My Read of the Month:

Title: The Church in the Workplace: How God’s People Can Transform Society
Author: C. Peter Wagner
Published: 2006
Genre: Church leadership/ Discipleship
Ratings: 3.7 out of 5 stars

There’s no denying that there is a nationwide sweeping movement of the Holy Spirit raising up His people in the marketplace in advancing His kingdom in this 21st century.

In Singapore, it seems most of us in the Body are just beginning to acknowledge and understand what God is doing through this movement.

Because for the longest time, believers were mostly taught and encouraged to rise up in their churches and in the process gave lower priority to secular work over church work. This has eroded God’s influence in the marketplace.

In this book, Peter does an excellent job in addressing this self-imploding crisis. He presents the two forms of churches- the nuclear church and the extended church and their different characteristics with their rule books. This truly helps to understand both camps and how to marry the two forms in forging a formidable force in bring heaven on earth.

What I found particular insightful was Peter highlighting the lack of spiritual governance in the marketplace from Mondays to Saturdays or the 9 to 5 window. And unlike the marketplace or extended church, the (nuclear) church has established its spiritual governance. This can be observed by how people would ‘naturally’ behave to a set of ‘Christian’ conducts or culture in the church.

Therefore, it is for this reason that God is raising up marketplace apostles and pastors to lead and govern His sheep in the marketplace towards discipling a nation. But for this to truly take place, we need to understand that Christian ministry is not confined to the nuclear church. And our secular work is equally sacred and significant.

The only fault that a reader may find with Peter might be his take on the current state of the nuclear church which might come across as a tat harsh. However though his views on nuclear churches (in general) may be negative, but I find that he isn’t far off from his analysis.

So depending on how you look at it or receive it, this book is an awesome reference book for church growth. And for Christians in Singapore, we can be encouraged that he mentions Faith Community Baptist Church (FCBC) and City Harvest Church (CHC) as role model churches that have moved the Church into the marketplace.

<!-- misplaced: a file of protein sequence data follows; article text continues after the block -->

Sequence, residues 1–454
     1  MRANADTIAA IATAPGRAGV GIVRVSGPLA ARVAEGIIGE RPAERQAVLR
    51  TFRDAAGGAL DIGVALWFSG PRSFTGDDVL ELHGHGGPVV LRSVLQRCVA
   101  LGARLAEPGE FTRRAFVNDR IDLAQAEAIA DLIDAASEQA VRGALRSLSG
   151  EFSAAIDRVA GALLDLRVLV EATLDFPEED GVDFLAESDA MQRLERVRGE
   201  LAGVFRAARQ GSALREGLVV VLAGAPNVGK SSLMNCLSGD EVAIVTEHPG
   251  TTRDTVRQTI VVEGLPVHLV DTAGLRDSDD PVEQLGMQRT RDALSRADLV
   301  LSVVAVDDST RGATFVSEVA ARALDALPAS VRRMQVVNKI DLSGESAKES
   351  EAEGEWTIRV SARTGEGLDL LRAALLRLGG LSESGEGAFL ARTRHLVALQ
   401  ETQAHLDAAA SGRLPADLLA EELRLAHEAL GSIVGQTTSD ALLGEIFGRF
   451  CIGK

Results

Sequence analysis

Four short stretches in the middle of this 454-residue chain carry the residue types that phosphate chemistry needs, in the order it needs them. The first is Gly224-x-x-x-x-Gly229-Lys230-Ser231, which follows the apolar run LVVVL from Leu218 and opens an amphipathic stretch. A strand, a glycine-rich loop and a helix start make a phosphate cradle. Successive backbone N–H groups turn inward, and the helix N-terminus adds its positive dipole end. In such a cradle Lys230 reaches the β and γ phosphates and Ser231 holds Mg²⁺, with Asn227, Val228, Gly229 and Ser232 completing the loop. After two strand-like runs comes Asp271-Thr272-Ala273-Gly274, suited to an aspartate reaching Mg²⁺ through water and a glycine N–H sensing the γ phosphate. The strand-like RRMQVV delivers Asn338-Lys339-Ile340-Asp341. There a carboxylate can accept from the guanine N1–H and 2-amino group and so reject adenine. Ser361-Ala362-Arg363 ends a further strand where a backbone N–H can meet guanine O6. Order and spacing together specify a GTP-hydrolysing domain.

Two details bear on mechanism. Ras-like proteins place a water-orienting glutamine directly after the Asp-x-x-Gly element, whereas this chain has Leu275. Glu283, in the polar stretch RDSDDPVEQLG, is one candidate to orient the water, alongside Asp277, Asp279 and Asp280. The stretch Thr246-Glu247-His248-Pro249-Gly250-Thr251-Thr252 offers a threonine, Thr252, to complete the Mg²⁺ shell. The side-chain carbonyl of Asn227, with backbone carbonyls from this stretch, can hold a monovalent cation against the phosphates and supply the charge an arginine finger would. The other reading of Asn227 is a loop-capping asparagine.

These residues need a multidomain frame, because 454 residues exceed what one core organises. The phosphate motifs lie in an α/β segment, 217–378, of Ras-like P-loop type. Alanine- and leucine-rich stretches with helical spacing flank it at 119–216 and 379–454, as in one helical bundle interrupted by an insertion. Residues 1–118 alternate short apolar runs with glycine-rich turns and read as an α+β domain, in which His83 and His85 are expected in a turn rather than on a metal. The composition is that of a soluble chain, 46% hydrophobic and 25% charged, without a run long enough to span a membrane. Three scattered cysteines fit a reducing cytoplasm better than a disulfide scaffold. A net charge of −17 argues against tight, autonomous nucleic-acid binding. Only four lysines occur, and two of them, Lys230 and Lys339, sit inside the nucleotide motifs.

Who should read it: All Christians, especially pastors and ministry leaders.

My Read of the Month:

Title: Changing Church: How God Is Leading His Church Into the Future
Author: C. Peter Wagner
Published: 2004
Genre: Church Growth/Spiritual Leadership
Ratings: 4.6 out of 5 stars

 

There’s no denying that God is doing a new thing in His Church in this 21st century. But what exactly is He doing? This is what this book attempts to uncover.

Peter Wagner, of whom I had the privileged to watch preached, does a fantastic job in succinctly presenting the changing trends of the Church. I really wish someone had recommended me this book earlier before.

According to Wagner, we are now in an era termed the Second Apostolic Age. This describes the age of the 21st century in which the Holy Spirit is strongly speaking to the churches of our generation to initiate a paradigm shift from being church-centred to being kingdom-centred.

In other words, the concept of the Kingdom of God has begun to expand significantly. And this has led to a radical shift in understanding  what being the Church means and as God destined.

For instance, he explains that “no longer is it adequate to suppose that our ultimate task here on Earth is the growth of the Church. Church growth remains crucial, but the Kingdom goes beyond that”.

In the old wineskin as he coins, the Church emphasizes on evangelism and church planting as activities central to the mission. But with the new wineskin, territorial domination with quantifiable terms is not the main goal. The goal then, is service to God which translates to nothing less than the transformation of society.

Another reason why this book is a pleasure to read in spite of it being written in a scholarly manner is because Wagner shares his personal experiences and opinions. This provides not only credibility but a good depth into this subject.

As mentioned, I wish I had read this book earlier with its insights that would have served me well to make sense of my past situation. Nonetheless, reading it now has affirmed and confirmed the revelations and deductions I received.

This is a must-read for every Christian as Wagner covers a number of compelling arguments such as the corporate spirit of religion and religious covenant. With better understanding where we are and where we’re heading, would serve us well to evaluate our values and priorities towards aligning with God and His Kingdom.

Who should read it: For Christians especially church leaders or pastors, that are hungry for God and His will for the Church.